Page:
The first step to solving a problem, of course, is admitting that you have one.

It is obvious from Google's own investigation that the Chinese government itself launched cyber-attacks against what certainly is the world's biggest and most influential Internet corporation and the flagship of America's advanced technology. The objective of the breathtakingly sophisticated and intricately staged hacker attacks against Google's corporate networks was, according to Google's own reports, nothing less than the plunder of Google's most valuable intellectual property.

Google's disillusionment with China reflects its realization that the Internet is becoming a tool of thought control in a totalitarian state, not a channel of information freedom. Now, stripped of its illusions, Google courageously has chosen the cause of human liberty over profit and has vowed to remove censors' filters from its search engines in China. Google's action signals that the company holds China's dictatorial state (and not some amateur hackers) responsible for the attacks.

But the Obama administration seems terrified of the implications of Google's behavior. Google reportedly consulted the White House before acting, but the most the Obama people could say was that the events were "troubling," or "raise serious concerns" or that they want to encourage China "to work with Google."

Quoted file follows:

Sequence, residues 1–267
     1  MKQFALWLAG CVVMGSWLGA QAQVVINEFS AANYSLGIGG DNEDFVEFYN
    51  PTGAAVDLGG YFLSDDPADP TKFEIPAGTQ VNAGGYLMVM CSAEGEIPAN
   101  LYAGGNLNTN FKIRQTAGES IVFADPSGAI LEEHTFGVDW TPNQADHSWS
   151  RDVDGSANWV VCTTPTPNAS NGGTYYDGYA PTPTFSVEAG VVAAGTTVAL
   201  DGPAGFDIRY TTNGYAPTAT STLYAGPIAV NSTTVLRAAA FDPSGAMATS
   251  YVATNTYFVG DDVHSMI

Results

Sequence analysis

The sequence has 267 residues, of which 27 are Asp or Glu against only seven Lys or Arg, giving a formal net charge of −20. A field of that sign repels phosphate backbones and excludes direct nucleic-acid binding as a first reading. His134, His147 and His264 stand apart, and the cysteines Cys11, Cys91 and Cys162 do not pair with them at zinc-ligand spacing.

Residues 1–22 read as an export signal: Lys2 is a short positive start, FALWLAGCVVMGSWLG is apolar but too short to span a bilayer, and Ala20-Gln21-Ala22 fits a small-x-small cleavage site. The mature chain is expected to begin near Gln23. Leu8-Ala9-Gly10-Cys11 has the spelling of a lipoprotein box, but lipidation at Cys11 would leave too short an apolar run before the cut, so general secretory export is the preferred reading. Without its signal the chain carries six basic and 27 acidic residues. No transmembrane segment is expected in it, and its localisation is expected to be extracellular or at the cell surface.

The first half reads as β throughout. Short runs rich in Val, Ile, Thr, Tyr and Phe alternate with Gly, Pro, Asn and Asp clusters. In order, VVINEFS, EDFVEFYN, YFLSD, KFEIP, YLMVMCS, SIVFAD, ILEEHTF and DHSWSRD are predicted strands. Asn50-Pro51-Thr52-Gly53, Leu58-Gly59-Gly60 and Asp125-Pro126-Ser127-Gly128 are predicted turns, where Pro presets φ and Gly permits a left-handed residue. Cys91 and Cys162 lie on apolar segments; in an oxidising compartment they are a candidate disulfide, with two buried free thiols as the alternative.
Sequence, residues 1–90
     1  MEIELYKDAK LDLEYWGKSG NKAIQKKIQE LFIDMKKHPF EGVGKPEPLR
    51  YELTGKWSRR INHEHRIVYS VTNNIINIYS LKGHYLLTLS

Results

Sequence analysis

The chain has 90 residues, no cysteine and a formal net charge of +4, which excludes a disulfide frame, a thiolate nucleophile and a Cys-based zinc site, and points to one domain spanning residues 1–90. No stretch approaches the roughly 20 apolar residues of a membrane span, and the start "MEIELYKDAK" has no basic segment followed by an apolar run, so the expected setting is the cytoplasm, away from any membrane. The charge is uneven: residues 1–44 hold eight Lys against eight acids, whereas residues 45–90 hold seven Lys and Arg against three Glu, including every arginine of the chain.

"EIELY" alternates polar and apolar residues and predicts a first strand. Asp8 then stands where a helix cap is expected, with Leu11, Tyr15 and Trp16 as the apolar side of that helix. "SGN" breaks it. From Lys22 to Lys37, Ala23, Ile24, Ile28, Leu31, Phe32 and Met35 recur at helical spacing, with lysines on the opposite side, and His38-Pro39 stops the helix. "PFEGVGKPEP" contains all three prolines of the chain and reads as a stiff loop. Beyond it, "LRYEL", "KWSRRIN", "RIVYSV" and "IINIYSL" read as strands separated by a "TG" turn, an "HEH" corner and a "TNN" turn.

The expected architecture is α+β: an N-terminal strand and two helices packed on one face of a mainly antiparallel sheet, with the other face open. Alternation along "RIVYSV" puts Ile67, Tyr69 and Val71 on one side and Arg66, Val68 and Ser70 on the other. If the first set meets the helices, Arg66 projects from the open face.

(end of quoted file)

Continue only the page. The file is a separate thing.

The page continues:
The administration's timidity in facing the reality of China's new superpower status was highlighted in October when the Obama White House directed the Intelligence Community to downgrade China to a Priority 2 intelligence target. This would be the first time in postwar history that China has ever been anything but a top-tier intelligence priority. Rep. Peter Hoekstra of Michigan, the ranking Republican on the House Permanent Select Committee on Intelligence, told Bill Gertz of The Washington Times last week, "China should be at the top of the priority list, not moving down."

Over the past decade - ever since the United States granted China permanent most-favored-nation trade status - China has adopted a rigidly protectionist industrial strategy of promoting "national champion" enterprises to compete both in China and abroad. China's rulers have subsidized state firms with hundreds of billions from their multitrillion-dollar foreign exchange coffers. The Chinese state, as a matter of strategic priority, finances the overseas operations of its energy and telecommunications companies. We have been told that the U.S. Intelligence Community has uncovered extensive evidence that the Chinese Communist Party Politburo has directed state banks over the past several years to disburse more than $40 billion to Huawei, China's biggest telecom firm, so that it can outbid foreign competitors in Latin American, African and Middle Eastern markets. Earlier this month, Huawei announced its intention to build a $500 million "research lab" in India, no doubt to ease Chinese penetration of India's telecom networks.